Role of HCN ion channels in pain

Lead Research Organisation: University of Cambridge
Department Name: Pharmacology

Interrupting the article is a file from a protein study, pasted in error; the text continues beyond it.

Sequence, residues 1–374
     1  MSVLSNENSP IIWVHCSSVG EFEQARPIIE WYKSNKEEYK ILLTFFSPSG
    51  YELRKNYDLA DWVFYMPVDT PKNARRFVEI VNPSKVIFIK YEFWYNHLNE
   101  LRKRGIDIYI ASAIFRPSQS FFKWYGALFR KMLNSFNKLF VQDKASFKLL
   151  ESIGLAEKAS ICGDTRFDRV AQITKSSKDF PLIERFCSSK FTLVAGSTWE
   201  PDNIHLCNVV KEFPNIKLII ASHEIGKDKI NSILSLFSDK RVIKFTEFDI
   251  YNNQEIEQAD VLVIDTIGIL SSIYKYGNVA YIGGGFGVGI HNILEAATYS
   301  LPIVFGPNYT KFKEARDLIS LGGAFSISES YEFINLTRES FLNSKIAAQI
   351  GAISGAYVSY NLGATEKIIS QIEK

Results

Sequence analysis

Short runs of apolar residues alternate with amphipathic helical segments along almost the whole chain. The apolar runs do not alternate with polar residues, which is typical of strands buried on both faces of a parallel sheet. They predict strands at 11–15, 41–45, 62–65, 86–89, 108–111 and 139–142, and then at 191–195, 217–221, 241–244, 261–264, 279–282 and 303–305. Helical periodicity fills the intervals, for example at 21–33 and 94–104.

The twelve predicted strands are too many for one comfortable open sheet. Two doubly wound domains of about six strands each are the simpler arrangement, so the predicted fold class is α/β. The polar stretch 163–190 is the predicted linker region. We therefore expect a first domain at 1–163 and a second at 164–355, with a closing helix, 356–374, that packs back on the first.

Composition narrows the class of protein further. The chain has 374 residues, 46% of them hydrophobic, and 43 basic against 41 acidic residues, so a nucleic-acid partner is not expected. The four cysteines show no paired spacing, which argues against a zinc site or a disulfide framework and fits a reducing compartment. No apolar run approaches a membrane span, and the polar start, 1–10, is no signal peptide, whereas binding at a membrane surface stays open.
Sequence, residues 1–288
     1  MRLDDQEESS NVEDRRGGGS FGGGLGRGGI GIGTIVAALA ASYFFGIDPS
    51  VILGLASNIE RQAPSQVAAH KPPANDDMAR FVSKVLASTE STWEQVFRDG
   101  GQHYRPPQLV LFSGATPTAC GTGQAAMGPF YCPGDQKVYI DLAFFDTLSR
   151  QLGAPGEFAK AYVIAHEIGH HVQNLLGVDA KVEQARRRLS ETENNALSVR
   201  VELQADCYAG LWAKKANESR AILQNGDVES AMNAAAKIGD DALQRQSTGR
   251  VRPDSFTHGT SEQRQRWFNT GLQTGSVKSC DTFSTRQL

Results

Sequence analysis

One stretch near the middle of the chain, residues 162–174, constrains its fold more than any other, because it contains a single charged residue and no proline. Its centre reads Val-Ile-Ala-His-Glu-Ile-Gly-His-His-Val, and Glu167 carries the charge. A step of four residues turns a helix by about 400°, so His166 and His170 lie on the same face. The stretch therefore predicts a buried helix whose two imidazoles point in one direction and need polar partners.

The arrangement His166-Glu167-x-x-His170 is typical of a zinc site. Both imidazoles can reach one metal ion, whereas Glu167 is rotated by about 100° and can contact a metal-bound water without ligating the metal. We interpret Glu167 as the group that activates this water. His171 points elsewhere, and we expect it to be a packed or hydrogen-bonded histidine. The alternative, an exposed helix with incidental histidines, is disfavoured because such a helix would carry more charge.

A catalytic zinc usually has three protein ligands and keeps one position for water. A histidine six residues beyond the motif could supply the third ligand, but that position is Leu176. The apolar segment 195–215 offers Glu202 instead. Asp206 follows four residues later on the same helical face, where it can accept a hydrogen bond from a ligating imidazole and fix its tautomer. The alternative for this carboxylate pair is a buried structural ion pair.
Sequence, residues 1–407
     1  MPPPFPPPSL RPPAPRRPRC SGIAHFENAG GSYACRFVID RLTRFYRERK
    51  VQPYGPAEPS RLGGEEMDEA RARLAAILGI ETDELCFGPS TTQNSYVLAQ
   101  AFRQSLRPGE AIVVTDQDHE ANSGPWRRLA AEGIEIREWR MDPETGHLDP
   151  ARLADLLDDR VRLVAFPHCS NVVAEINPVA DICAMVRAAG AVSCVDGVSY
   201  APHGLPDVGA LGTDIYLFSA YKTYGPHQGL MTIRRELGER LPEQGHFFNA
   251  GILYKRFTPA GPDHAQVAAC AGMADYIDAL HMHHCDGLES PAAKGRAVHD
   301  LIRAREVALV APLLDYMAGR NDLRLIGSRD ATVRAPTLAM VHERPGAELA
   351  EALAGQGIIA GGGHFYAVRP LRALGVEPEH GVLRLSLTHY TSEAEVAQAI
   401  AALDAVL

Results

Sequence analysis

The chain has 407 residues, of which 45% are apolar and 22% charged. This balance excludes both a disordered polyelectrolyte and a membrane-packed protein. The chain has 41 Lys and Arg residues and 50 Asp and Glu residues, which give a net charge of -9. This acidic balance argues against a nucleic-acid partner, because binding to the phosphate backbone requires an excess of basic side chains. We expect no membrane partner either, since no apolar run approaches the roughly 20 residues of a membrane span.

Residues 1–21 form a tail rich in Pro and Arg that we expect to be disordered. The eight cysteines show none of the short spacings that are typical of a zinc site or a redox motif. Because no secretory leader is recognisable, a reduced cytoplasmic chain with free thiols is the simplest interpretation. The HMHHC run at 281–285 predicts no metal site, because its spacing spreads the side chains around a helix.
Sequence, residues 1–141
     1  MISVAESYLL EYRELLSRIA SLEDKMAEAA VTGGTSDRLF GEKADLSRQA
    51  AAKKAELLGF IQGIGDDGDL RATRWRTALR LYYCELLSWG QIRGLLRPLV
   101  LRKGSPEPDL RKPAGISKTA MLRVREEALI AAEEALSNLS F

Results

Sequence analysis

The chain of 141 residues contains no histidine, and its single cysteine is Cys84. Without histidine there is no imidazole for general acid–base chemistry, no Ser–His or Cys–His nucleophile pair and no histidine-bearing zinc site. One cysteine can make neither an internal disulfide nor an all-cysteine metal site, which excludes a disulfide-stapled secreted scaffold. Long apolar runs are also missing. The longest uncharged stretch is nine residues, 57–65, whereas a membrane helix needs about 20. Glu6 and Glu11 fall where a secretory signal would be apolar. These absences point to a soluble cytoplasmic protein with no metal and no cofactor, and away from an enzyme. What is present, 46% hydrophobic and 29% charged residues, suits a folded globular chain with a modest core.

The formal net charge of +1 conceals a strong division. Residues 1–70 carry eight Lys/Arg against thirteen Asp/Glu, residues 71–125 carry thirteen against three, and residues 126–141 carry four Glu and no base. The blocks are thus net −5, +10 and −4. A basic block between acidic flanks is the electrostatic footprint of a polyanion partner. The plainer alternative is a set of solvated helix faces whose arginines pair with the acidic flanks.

Pain arises when a stimulus activates a pain-specific nerve fibre (a nociceptor) by opening ion channels, causing a depolarisation (a positive change in resting membrane membrane potential) and thus triggering action potentials that propagate to the central nervous system to elicit a sensation of pain. The intensity of the pain is encoded by the frequency of action potentials elicited by the stimulus in the nociceptive nerve terminal, and it is well known that pro-inflammatory mediators, such as prostaglandin E2, enhance the sensation of pain by increasing the frequency of action potentials elicited by a painful stimulus. The rate of depolarisation between action potentials determines their frequency, and thus the pain intensity. In preliminary studies we have shown that the major modulator of this rate, and therefore of the frequency of action potentials, is the hyperpolarisation-activated inward current, Ih. Ih ion channels are made up from combinations of four different subunits, HCN1-4. We have shown that the fast-activating HCN1 subunits are expressed in large neurones sensing light touch, and we have preliminary evidence that the slower-activating HCN2 is expressed in small pain-sensitive neurones. We will use mice in which HCN subunits have been genetically deleted to find out more about the involvement of these ion channel subunits in the generation of action potentials in nociceptors and in the sensation of pain in intact animals. We will record electrical responses from neurones in cell culture, where their behaviour can more readily be investigated, using single-cell voltage clamp and patch clamp techniques. We will also study the response of wild-type and HCN knockout mice to a mild painful stimulus by measuring the time before they voluntarily withdraw from the stimulus. The following major areas will be tackled in the proposed project. (i) We will determine which HCN subunits are expressed in which types of sensory neurones, and how their behaviour is modulated by inflammatory mediators. This work will be implemented by means of whole-cell voltage clamp studies of neurons from wild-type mice and from mice in which HCN subunits 1-3 have been genetically deleted. We will study the effect on Ih of common pro-inflammatory mediators known to activate different pathways, e.g. PGE2 (cAMP/PKA pathway); bradykinin (PKC pathway) and NGF (PI3K/Src pathway). (ii) We will elucidate which intracellular signalling pathways are important in modulation of Ih. Other studies have suggested modulation of Ih by PIP2, Src, and P38MAPK apart from the well-established direct modulation by cAMP. We will ascertain the importance of these novel signalling mechanisms in nociceptors. (iii) We will use a combined in vitro and behavioural approach to study the role of HCN subunits in both inflammatory and neuropathic pain. We study mice with global and nociceptor-specific deletions of HCN1-3. We will compare the responses to painful stimuli of wild-type animals and animals in which HCN channels have been genetically deleted, before and after injection of pro-inflammatory mediators or induction of neuropathic pain using well-established models. The possibility that the HCN ion channel subunits may be important drug targets in chronic inflammatory pain is strongly suggested by our preliminary studies and deserves further investigation. There is also evidence that Ih is involved in neuropathic pain, but which subunit is important and how it enhances neuropathic pain is unknown. These studies will establish the importance of Ih in these pain states and will identify the subunit(s) responsible. These studies will advance our understanding of the role of HCN subunits in pain, and if particular subunits have crucial roles in pain the work will act as a stimulus to the development of novel analgesic drugs aimed at specifically blocking those subunits.


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